Isaiah says a few phrases in chapters 43 and 45 that reminded the Jews about their relationship with their God:

  • Before me no god was formed, nor will there be one after me
  • No one can deliver out of my hand
  • Woe to those who quarrel with their Maker

About one of these phrases, the NLT Study Bible has this note:

If we could design our own god it would not be like the God spoken of in the Scriptures. Most would prefer a god that answers every prayer positively, or a god that goes along with our cultural values, or a god that will welcome us to heaven no matter what. God’s message to the ancient Israelites who struggled with this was in essence, ‘Go ahead! Find a new god! See where it gets you!’

So does this mean I can’t talk with God if I’m confused, frustrated, or having trouble staying content in my “passenger” life? Absolutely not. It just means that I should approach him in faith with a peaceful spirit; my words don’t need to come from a discontented place in my heart leading me to being quarrelsome or argumentative.

My best response to the ride is to sorta take on the Allstate motto: I know I’m in good hands. God knows the destination. When he parks and gives me further instruction, I hope to say, “Thanks for listening and being such a patient driver and getting me safely to my destination. I wouldn’t want to be traveling with anyone else.”

Photo by Christian Wiediger on Unsplash

That time Jesus said, “None of your business.”

They could not have looked like promising revolutionary material. That they should see themselves as deliverers of Israel was ludicrous. Their grasp of the meaning of Christ’s death and resurrection was still tenuous and their perception of their future confused.

What was going to happen on the political scene? What role would they play? Seated among the young olive trees they asked him: “Do you plan to restore Israel’s sovereignty?” Many eyes were turned on him.

“None of your business” was the effect of his retort. “That’s God the Father’s affair. He currently organizes the political scene. Your job will be to bear witness to me not only here, but in broadening circles throughout the earth” (see Acts 1:4-8).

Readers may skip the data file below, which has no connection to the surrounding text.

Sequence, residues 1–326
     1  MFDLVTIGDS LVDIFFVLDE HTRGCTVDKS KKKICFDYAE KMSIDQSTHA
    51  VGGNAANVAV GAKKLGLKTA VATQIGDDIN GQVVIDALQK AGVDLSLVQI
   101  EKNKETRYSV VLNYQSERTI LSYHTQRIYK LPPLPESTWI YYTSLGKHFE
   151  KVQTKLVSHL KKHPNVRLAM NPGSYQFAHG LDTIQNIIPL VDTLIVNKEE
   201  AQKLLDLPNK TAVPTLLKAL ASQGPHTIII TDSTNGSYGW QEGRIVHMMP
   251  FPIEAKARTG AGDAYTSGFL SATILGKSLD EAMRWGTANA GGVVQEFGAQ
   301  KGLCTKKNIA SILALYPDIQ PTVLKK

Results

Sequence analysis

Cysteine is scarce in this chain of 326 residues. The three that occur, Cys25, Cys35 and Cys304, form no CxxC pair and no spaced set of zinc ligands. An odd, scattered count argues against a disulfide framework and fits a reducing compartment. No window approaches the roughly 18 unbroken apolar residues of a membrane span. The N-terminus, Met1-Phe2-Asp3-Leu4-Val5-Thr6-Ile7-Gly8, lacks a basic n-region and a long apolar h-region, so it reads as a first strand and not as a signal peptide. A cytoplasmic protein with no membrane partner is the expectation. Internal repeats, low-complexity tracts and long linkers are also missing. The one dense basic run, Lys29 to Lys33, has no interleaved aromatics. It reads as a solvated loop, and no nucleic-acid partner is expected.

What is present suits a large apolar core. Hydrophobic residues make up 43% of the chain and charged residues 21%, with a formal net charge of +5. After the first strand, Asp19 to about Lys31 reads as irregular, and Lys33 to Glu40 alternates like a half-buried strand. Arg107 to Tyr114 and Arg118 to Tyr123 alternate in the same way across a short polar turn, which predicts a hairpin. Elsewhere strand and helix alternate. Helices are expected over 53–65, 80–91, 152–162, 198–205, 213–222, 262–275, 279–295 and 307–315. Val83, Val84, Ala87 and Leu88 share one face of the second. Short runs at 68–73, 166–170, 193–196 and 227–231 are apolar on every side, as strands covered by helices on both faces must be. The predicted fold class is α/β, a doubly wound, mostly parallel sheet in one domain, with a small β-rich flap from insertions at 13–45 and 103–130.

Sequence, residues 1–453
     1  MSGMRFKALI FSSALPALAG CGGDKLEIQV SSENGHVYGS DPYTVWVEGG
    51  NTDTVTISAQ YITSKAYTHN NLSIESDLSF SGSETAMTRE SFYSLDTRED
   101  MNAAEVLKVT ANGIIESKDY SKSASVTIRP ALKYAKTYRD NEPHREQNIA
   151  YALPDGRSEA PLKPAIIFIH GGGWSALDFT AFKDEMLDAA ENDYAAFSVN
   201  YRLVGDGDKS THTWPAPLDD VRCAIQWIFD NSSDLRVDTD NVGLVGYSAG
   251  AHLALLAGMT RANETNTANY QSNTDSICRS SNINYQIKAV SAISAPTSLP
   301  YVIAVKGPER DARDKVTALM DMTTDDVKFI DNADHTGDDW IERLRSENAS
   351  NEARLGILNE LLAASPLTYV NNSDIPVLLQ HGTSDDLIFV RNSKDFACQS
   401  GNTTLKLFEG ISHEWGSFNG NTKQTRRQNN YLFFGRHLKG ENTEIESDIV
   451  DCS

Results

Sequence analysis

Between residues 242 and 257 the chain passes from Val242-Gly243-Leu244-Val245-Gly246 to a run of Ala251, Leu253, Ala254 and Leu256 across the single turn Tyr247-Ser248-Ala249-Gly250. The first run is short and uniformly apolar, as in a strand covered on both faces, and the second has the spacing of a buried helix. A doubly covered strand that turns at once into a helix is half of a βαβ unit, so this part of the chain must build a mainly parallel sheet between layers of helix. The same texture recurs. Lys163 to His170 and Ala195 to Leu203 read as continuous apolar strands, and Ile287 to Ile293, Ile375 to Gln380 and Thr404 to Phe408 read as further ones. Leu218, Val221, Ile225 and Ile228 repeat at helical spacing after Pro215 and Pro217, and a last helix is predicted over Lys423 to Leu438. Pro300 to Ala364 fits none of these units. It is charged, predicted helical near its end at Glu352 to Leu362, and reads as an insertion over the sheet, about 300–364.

Chapter 4, On Being a Signpost, of The Fight by John White

These three paragraphs start White’s chapter teaching on what it means to bear witness. This “none of your business” interpretation is of verse 7 where Jesus is quoted, “It is not for you to know times or seasons that the Father has fixed by his own authority.”

As I read this, I was reminded of Jeremiah’s letter to the exiles in Jeremiah 29. The receivers of his message were not unlike those hearing Jesus’ message in Acts 1. They had a lot of questions. In their confusion and reaction they were tempted to believe and pursue just about anything, including doing what made sense for self-preservation without yielding to the all-knowing and all-powerful work of God.

American Christians would do well to listen to Jeremiah and Jesus. Our actions and words too often sound like we’ve got it all figured out, like we haven’t really heard what was said. Too often, the voice of God is hushed by our demands and declarations, in essence telling him how to do his job. Too often, we ignore the truth that it’s none of our business.

Thank You, Tim Mackie!

Last June I shared a post about starting a monthly “remembering” practice. This morning in my remembering, I chose to listen to a podcast episode about the Passover.

The episode is from the Exploring My Strange Bible Podcast. Exploring My Strange Bible is Tim Mackie’s personal podcast, produced by BibleProject. It’s an anthology of Tim’s lectures, sermons, and classroom teachings collected over 10 years.

I’ve only listened to a few episodes. What I have found so far is worth sharing. Mackie accomplishes his mission of exploring the Bible for everyone-those who’ve explored it for years and those who’ve just started or aren’t sure why they should.

For this episode, I’m guessing 90% of listeners will learn something that will enhance their next “remembering” opportunity. I know I did.

Today I remembered through the lens of those closest to Jesus sharing Passover with him. Thank you, Tim Mackie, for enhancing and deepening my remembering.